Clyde "Sparky" Cosper saved the town of Princes Risborough on 13 November 1943.
The B-17 Flying Fortress bomber that Sparky was flying was on course to crash directly on the town. 26 year old Sparky bravely remained at the controls, managing to clear the rooftops and crash in a field well clear of the town. The full bomb load exploded on impact and the plane was blown to pieces.
"Miriam", the B17's nose name, had taken off earlier with its crew of 10 and was waiting for the other planes in the flight to join it. The mission was to bomb German U-boat berths at Bremen. The weather was bad, the take-off was dicey and the climb for altitude was worse. The plane flew into a thunder storm and the downdraft threw it into an abrupt dive. Sparky ordered the crew to bale out and the nine other men came down bruised, but alive.
A plaque marking Sparky's bravery and sacrifice is outside the library in Princes Risborough. In 1993, an ash tree was planted here to add to the memorial, though the library is not the crash site.
With 17 in total, all bordering a small stream, these are quite a feature of the area.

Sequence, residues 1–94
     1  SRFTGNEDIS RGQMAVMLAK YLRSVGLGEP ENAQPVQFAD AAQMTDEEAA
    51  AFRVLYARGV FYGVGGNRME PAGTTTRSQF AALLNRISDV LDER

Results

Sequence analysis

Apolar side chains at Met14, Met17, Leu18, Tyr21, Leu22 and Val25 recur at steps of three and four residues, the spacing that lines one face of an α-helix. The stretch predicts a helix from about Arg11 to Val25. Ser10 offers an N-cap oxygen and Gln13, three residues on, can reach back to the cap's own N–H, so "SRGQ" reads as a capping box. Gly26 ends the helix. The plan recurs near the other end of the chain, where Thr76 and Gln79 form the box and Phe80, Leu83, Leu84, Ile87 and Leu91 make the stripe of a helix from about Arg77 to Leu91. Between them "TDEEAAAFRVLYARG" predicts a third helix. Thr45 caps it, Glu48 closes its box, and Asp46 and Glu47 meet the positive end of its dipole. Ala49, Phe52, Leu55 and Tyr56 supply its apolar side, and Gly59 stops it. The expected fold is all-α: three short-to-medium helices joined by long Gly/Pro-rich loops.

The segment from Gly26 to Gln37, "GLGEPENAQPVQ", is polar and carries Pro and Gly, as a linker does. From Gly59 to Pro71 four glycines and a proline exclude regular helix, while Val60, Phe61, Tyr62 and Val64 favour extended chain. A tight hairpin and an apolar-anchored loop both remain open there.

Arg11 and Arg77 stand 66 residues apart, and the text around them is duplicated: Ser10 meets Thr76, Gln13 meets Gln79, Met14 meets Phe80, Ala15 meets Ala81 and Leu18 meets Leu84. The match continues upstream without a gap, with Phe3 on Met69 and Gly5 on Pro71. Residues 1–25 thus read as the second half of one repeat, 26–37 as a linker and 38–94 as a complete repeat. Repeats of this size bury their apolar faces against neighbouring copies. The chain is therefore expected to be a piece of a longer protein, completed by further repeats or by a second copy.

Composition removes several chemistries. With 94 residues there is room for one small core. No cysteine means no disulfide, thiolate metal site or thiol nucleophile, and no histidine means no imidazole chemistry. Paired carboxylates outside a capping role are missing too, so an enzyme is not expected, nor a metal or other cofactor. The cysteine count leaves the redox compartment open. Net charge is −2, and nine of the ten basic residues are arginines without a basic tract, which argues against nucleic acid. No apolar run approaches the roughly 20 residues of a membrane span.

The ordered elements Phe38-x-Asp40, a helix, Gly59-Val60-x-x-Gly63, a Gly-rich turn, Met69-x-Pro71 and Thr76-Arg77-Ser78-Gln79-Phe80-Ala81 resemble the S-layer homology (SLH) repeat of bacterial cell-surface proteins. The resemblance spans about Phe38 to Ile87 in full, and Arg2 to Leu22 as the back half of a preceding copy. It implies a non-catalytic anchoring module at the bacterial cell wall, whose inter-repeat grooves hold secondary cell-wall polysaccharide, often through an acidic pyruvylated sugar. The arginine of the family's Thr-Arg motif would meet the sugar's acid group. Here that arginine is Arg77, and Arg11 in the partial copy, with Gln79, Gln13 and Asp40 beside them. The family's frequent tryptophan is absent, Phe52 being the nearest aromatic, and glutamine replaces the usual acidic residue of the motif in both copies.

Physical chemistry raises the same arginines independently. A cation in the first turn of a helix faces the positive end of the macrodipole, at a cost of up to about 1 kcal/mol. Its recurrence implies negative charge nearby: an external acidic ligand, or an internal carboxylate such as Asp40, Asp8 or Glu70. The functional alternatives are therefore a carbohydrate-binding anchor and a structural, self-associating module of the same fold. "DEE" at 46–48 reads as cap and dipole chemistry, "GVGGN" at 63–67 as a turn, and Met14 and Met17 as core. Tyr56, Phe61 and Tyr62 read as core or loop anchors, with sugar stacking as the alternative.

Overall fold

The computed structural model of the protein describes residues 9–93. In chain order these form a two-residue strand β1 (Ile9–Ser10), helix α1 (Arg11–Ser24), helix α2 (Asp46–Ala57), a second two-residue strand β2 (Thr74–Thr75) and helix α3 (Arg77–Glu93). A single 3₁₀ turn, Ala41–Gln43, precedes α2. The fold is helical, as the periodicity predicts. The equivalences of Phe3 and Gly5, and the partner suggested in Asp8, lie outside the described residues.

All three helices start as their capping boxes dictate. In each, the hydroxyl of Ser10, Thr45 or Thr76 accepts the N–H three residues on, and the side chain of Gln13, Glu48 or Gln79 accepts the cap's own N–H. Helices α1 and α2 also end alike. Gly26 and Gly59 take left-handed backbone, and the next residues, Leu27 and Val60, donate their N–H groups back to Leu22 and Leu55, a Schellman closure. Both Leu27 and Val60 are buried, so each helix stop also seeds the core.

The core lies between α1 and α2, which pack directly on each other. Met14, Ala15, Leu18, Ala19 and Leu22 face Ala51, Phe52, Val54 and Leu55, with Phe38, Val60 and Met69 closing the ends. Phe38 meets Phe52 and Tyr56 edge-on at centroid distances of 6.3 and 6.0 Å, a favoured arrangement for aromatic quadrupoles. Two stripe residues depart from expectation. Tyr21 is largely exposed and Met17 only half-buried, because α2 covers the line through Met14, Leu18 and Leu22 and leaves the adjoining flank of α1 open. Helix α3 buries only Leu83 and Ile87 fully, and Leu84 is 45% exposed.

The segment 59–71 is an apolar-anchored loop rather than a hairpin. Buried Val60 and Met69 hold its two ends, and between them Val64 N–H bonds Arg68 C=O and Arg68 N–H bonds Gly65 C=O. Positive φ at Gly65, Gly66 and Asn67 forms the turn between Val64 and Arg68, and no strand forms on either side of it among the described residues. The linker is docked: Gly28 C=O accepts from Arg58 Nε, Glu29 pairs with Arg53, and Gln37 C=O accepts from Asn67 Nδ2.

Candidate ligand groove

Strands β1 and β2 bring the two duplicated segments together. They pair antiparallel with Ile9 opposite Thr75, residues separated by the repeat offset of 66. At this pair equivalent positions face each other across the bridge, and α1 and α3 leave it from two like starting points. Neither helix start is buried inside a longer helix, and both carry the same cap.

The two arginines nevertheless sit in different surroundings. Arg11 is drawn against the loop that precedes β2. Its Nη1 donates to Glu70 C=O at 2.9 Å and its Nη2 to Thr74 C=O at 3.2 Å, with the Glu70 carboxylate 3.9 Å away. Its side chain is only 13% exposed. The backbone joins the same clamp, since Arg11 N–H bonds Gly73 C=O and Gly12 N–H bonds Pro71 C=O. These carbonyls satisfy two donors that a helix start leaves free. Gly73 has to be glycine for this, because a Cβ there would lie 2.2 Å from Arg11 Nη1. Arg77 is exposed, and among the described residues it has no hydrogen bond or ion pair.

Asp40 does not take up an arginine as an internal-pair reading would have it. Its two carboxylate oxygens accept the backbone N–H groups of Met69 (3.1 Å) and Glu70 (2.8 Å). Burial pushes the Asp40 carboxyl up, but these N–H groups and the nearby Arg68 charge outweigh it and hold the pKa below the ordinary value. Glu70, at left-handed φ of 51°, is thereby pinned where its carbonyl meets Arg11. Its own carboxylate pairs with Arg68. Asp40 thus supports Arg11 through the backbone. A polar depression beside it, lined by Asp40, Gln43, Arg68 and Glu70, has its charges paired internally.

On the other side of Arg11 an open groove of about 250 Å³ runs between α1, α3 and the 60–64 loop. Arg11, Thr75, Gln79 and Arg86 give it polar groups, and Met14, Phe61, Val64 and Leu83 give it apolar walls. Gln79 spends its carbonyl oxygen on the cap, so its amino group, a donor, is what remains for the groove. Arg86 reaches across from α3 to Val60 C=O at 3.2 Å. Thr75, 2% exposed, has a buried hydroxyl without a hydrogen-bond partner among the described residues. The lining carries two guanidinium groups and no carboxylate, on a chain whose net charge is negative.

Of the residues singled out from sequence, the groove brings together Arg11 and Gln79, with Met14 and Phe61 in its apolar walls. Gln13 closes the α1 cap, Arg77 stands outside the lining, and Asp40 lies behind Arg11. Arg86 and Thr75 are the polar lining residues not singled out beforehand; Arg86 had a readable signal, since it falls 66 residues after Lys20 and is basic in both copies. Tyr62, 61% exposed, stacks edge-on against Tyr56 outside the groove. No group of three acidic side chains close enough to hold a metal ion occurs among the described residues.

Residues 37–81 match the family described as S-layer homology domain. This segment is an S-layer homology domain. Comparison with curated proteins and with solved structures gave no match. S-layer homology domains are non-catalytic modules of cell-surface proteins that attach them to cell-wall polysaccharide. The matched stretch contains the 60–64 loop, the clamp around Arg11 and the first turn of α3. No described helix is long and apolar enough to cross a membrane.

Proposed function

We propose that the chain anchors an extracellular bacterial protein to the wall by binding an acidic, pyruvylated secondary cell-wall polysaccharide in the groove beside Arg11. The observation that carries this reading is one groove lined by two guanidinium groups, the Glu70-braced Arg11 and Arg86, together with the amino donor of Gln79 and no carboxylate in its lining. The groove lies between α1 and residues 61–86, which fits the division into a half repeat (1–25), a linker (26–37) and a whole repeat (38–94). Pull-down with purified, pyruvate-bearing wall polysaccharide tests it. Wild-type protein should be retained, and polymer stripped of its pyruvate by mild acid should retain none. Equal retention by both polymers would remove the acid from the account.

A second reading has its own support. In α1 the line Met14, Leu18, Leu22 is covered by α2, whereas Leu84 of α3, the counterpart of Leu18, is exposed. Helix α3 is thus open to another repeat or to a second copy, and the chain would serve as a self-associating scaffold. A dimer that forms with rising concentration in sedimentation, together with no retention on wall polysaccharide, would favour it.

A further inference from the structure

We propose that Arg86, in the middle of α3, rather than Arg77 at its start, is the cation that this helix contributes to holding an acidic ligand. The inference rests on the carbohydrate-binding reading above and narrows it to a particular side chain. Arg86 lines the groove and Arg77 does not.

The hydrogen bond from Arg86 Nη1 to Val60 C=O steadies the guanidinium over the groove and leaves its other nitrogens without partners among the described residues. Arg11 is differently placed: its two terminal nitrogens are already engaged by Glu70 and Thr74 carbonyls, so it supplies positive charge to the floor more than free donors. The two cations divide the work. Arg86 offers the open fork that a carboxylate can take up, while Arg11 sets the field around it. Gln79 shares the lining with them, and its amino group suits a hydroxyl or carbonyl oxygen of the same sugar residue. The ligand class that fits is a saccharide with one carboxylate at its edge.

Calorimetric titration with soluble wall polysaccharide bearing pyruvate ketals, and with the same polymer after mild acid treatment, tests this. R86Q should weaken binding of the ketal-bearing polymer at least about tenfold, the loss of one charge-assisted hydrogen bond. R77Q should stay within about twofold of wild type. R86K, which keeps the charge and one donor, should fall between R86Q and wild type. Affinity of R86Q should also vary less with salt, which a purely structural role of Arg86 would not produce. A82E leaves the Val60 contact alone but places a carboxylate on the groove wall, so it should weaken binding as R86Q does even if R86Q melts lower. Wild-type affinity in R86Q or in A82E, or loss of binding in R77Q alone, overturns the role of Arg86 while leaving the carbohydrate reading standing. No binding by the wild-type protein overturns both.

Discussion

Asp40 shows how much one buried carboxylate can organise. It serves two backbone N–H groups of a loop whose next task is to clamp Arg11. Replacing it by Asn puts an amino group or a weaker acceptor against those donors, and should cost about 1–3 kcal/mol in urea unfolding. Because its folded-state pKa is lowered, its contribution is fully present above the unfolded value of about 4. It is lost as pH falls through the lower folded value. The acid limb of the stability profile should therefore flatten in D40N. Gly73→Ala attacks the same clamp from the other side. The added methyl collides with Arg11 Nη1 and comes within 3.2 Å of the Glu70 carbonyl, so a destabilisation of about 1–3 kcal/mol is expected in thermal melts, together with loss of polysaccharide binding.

They may be 200 years old and have been regularly pollarded throughout their lifetime.
Pollarded trees are often found on parish boundaries. Project volunteer Russell Evans, a Princes Risborough resident, plans to find out if this is the case with the Wades Park Willows.
A Scots Pine tree growing on Pulpit Hill has an odd growth form in some of its branches.
This growth called 'Witches Broom', can be caused by fungus or sometimes bacteria; both stimulate prolific stunted bud growth.
These rare and intriguing growths provide unique habitats for tiny creatures such as mites and cuttings can be used to propagate bonsai trees.
It is rarely seen on pine in the UK though it is more common in the States.
Please park safely and walk to the special trees